Archive for September, 2016

Will AUM-Based Fees Or Retainers Rule The Day?

Thursday, September 29th, 2016

With the Department of Labor’s (DOL) new Fiduciary Rule set to begin in April, there is a debate brewing over whether the more traditional asset under management (AUM) based fees or retainers will win the day moving forward. Clearly, under the best interests rule for retirement, advisers will be moving away from charging commissions and gravitate toward fees. The question is, what is the fairest and most defensible way to charge clients?

Historically, and still today, an AUM-based fee is the most popular. Clients are charged a fee based on an annual percentage of their assets under management – often declining as asset levels increase. A big selling point to this type of fee has always been that it puts the advisor on the same side of the table as the client, with everyone having an incentive to see the assets grow.

Retainers, however, are starting to become more popular, and some industry experts are beginning to champion them as being fairer to clients, and easier to defend. Retainers are often determined by a client’s net worth and income. Advocates argue that there are fewer potential conflicts of interest with retainers, and that it will become increasingly more difficult to show that a recommendation is in the client’s best interest when the advisor’s fee will depend on whether it is acted upon or not.

For example, let’s say that a client asks an advisor whether or not they should roll over their 401(k) into an IRA managed by the advisor when they get a new job, or leave it at as is. Obviously, the advisor will not earn any compensation if the funds stay at the employer, so they are put in a position where they have to demonstrate that moving it is in the client’s best interest – easier said than done! There is no such conflict under a retainer agreement, however, as the advisor is agnostic where the assets are actually managed.

On the flip side, retainers might be hard to justify for client’s with fewer assets, as they would pay much more under a typical retainer relationship than they would under an asset-based fee.

The argument is just beginning, and will continue for the foreseeable future. One thing for sure is that asset based fees are not going away, as they do qualify for the “level-fee” exemption under the fiduciary rule as long as certain fiduciary disclosures are made.

It will be important for advisors to clearly articulate to clients and prospects what their fee is, how it is calculated and why they have chosen that particular method. Some advisors might choose to offer clients a choice. Regardless, going on the offensive and being proactive in discussing fees will become more important than ever. If you don’t discuss the issue thoroughly, you will be at risk of losing clients.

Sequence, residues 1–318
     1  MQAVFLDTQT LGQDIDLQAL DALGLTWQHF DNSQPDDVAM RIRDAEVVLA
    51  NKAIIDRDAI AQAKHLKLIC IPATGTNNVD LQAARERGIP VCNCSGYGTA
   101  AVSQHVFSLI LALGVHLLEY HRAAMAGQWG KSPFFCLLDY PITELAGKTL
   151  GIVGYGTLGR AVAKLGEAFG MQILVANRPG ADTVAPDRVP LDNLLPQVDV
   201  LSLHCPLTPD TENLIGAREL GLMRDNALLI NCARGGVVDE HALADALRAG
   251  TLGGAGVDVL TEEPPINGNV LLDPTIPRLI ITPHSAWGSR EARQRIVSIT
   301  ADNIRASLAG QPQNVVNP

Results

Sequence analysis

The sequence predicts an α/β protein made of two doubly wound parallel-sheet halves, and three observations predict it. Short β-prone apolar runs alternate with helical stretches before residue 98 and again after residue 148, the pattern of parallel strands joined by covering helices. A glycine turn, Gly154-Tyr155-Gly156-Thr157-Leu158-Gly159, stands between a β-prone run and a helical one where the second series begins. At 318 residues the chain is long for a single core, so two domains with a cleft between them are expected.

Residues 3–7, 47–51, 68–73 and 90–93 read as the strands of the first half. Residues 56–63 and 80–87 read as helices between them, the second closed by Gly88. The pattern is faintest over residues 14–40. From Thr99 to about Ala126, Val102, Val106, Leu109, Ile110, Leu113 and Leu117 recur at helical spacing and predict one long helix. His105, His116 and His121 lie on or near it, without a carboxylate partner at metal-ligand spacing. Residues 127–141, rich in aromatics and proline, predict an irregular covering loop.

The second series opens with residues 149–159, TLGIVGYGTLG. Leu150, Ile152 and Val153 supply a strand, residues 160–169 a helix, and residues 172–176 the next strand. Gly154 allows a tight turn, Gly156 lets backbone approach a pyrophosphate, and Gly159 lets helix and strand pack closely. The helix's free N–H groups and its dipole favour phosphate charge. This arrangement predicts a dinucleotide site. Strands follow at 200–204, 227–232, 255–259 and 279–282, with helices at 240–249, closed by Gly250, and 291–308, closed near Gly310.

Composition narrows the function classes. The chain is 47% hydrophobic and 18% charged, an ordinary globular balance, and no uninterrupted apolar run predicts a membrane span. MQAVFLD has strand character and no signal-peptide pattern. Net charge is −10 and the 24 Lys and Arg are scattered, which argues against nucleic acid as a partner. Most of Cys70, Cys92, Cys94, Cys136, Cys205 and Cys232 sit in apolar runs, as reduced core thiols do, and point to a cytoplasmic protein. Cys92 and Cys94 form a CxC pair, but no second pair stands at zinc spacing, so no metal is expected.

Who’s Managing The Money?

Thursday, September 8th, 2016

The growth of Unified Managed Accounts (UMA) has been well documented, just as the death of Separately Managed Accounts (SMA) has been greatly exaggerated. There continues to be room for both among the many advisory options available at most firms.

But often overlooked in the UMA v SMA fight is what I’ll call the staggering growth of Rep-as-PM programs. In fact, as you can see from the table below, these programs now exceed SMA advisory assets and are quickly about to replace mutual fund advisory assets as the largest in the group. ETF advisory programs are relatively new, but they will continue to grow – most likely at the expense of mutual funds.


Frankly, this large growth in Rep-as-PM assets scares me. I know many advisors who are true managers – they have research and portfolio management experience, dedicated staff to the process, etc. – and in many cases they add significant value to their clients.

I worry about others, however. As downward pressure continue on fees, how many advisors have made the decision to go this route so that they can keep more of the fee as opposed to “giving” it up to outside managers? How many have taken the time to truly master the art of portfolio management in what is a very difficult investment environment?

I have often argued that it is difficult for advisors (or advisor teams or RIAs) to do many things well. It is hard for example to market, and grow your business, if you are truly acting as a money manager (unless you have hired staff to assist you). Many successful advisors see themselves as relationship managers first, and are happy to delegate the management to outside firms (even if they get a smaller fee).

In addition, let’s not forget what happens in bad markets, and when you underperform – because at some point, you will! In the Rep-as-Pm scenario, the client has only person to blame and potentially fire – you. If you use outside managers, or even funds, you can often times convince the client to change managers rather than get rid of you. Finally, what will happen to these programs and advisors under new fiduciary standards?

At the end of the day, advisors would be well served to make sure that whatever advisory programs they use serve clients the best while fitting into their own business model. I hope my concern over the grow of these programs is unfounded; only time will tell.